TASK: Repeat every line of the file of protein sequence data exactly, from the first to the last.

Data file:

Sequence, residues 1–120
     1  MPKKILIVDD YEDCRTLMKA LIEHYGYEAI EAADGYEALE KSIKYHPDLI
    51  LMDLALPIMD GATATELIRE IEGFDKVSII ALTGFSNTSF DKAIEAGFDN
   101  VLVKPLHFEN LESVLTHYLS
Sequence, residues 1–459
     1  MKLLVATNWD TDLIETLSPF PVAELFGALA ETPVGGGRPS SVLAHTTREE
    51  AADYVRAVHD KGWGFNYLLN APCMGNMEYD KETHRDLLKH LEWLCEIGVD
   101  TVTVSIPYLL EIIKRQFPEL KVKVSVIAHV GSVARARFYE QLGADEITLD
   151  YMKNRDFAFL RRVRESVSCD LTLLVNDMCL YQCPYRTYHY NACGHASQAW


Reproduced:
Sequence, residues 1–120
     1  MPKKILIVDD YEDCRTLMKA LIEHYGYEAI EAADGYEALE KSIKYHPDLI
    51  LMDLALPIMD GATATELIRE IEGFDKVSII ALTGFSNTSF DKAIEAGFDN
   101  VLVKPLHFEN LESVLTHYLS
Sequence, residues 1–459
     1  MKLLVATNWD TDLIETLSPF PVAELFGALA ETPVGGGRPS SVLAHTTREE
    51  AADYVRAVHD KGWGFNYLLN APCMGNMEYD KETHRDLLKH LEWLCEIGVD
   101  TVTVSIPYLL EIIKRQFPEL KVKVSVIAHV GSVARARFYE QLGADEITLD
   151  YMKNRDFAFL RRVRESVSCD LTLLVNDMCL YQCPYRTYHY NACGHASQAW